Phantasmat: Behind the Mask
[Note: Please be aware that this game contains themes of abuse and torture.]
It puts the lotion on its skin or else it gets the hose again. There. Okay. Phew. It's out of my system, I swear. As Eipix Entertainment's hidden-object adventure Phantasmat: Behind the Mask opens, you've just arrived for a family reunion thrown by your estranged cousin Patrick, whose decision to have the party at the world's least inviting remote Gothic mansion, complete with cryptic warnings about "missing the main event", somehow fails to set off any warning bells whatsoever. Ditto the fact that the key to the place is describe as a "face in agony", and the whole place feels like it's set its soundtrack to Silent Hill, but hey, what do I know about foreshadowing. Once inside, you find yourself in odd company, with an assortment of eccentric relatives, each with their own specialty, but making awkward dinner conversation is the least of your worries when you suddenly find yourself trapped inside. All you want to do is get out, but someone has other plans for you, and it looks like this is one family tree you might want to cut yourself out of...
Eipix knows their craft like few others, and Phantasmat: Behind the Mask comes with everything you need to customise the game to your preferred difficulty level, not to mention the helpful map that allows you to fast travel, and some optional items to collect throughout. The mechanics of gameplay are what you'd expect for the genre... explore, find items in hidden-object scenes, solve puzzles that usually require you to track down a necessary object or three, and be loomed over by your pretentious relatives. The mansion makes a great setting to explore, thanks to some creatively creepy design. If you're going to have your game take place in a locked house, you might as well go all out and make it as interesting and weird as you can, which is exactly what Eipix has done. Every room is filled with so much to look at and click on that you can easily get caught up in the mystery of it all. The game does have a tendency to throw so many items at you that keeping track of what you have and where it can be used can be a bit of a juggling act, and some uses aren't immediately intuitive. Okay, Google says you can use that as a solvent, but is that really common knowledge? While many of the puzzles you'll encounter are variations on familiar types, however, they tend to be implemented in clever ways. One has you cracking a code by sorting moths whose labels give you an equation to solve, for instance. Things pick up a bit more past the first chapter, as each family member begins to make a distinctive impact on the game and brings their own theme. It keeps things feeling fresh, and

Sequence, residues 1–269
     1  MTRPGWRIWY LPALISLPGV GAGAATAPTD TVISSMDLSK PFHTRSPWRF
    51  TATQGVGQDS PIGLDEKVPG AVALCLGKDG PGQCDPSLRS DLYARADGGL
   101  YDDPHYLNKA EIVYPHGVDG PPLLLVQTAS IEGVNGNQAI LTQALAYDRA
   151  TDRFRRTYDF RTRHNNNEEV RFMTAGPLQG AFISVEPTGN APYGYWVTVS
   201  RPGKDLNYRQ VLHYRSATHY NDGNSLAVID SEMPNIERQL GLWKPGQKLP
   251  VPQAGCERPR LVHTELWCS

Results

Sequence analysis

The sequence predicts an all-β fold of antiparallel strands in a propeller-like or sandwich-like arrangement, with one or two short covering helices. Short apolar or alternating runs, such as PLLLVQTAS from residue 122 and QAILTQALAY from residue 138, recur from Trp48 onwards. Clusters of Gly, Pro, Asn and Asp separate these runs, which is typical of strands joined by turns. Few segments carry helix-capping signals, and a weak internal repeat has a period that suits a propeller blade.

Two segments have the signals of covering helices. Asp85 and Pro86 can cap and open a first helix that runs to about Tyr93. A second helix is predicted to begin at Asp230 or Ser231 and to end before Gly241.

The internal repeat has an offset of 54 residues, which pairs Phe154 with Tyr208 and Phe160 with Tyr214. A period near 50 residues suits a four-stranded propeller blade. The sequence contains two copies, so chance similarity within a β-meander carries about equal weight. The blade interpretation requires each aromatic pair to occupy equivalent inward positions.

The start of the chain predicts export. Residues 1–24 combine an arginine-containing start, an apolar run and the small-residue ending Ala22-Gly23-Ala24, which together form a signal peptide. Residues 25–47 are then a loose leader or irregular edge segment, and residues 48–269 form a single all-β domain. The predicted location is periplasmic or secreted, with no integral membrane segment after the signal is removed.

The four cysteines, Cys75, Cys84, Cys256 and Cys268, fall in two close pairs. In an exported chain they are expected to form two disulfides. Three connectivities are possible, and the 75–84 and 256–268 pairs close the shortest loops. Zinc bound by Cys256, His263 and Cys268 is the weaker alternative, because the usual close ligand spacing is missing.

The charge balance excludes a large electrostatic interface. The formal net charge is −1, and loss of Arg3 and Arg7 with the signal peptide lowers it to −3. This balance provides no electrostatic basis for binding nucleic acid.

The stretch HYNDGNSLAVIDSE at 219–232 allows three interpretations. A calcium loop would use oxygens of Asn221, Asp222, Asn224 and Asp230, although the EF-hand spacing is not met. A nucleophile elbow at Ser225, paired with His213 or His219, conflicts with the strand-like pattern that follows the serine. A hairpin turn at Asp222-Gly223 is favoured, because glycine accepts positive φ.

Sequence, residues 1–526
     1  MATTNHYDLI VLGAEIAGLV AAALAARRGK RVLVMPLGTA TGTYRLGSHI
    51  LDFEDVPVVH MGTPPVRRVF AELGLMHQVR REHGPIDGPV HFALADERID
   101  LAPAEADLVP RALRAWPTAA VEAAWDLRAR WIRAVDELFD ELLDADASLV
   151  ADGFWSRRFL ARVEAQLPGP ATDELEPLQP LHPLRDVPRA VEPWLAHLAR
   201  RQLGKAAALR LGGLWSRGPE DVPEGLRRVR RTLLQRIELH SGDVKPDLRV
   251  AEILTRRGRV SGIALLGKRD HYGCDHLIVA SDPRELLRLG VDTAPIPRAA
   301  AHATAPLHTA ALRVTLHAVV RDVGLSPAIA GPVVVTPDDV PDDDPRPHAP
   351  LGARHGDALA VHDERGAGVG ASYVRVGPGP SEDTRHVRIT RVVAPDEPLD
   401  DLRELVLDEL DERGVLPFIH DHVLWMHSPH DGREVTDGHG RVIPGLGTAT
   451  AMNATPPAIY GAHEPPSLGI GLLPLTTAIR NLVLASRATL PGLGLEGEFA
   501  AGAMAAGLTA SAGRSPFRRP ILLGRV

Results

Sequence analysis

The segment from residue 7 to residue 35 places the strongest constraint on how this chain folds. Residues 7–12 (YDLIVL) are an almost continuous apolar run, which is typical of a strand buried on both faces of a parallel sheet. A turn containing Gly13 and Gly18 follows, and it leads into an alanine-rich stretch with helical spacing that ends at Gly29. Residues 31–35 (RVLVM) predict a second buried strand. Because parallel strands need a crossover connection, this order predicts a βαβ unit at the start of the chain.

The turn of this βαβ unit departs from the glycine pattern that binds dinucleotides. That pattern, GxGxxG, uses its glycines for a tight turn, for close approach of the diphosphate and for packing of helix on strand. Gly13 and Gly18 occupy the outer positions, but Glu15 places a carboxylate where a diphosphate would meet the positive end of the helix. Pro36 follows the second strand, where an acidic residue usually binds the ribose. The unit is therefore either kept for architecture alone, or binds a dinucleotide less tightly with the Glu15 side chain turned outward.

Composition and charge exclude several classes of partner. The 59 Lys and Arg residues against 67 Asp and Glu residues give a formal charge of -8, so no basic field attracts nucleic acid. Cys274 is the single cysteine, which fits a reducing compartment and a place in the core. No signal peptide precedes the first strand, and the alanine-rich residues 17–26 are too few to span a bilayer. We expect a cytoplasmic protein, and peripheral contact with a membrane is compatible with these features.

As for the story, well, while you'll likely have an idea of the direction things are headed almost right off the bat, especially given the recurring themes of the rest of the Phantasmat games, Behind the Mask earns high marks for its presentation and style. You feel menaced and stalked as you explore the manor and begin to learn more about your lineage, and while it's all a little over the top, it's crazy in a fun, engaging way that keeps you hooked to see what happens next. Want a quibble? Here's one. There's something weirdly annoying about your faceless, voiceless avatar of a protagonist... she stammers, gapes, and quails a little too much, though the juxtaposition of the little local caterer with a business in the Yellow Pages against her ridiculously fancy relatives is kind of funny. There's something a little Clive Barker's Undying-sy about the whole setup, so though the jump scares aren't particularly effective, the game is at its best when its making use of those creepy shadow puppet cutscenes, and having dead-eyed children chant at you. It's actually unexpectedly dark for an Eipix game... they generally deal in grand adventures or mild spookiness, so the more gruesome scenes and violence here might be a surprise to some, though it certainly fits the story. Behind the Mask actually feels like the closest the series has gotten since it left the hands of the original developers to matching the tone of the first game... though the first Phantasmat focused more on gray morality and regret, Behind the Mask's lavish style and memorable, creepy characters make a big impression, and are perfect for a late night game. It's an unexpectedly long one, too, making this one worth every penny, and definitely something fans of Eipix, and casual horror in general, should make a date with the demo for. Highly recommended.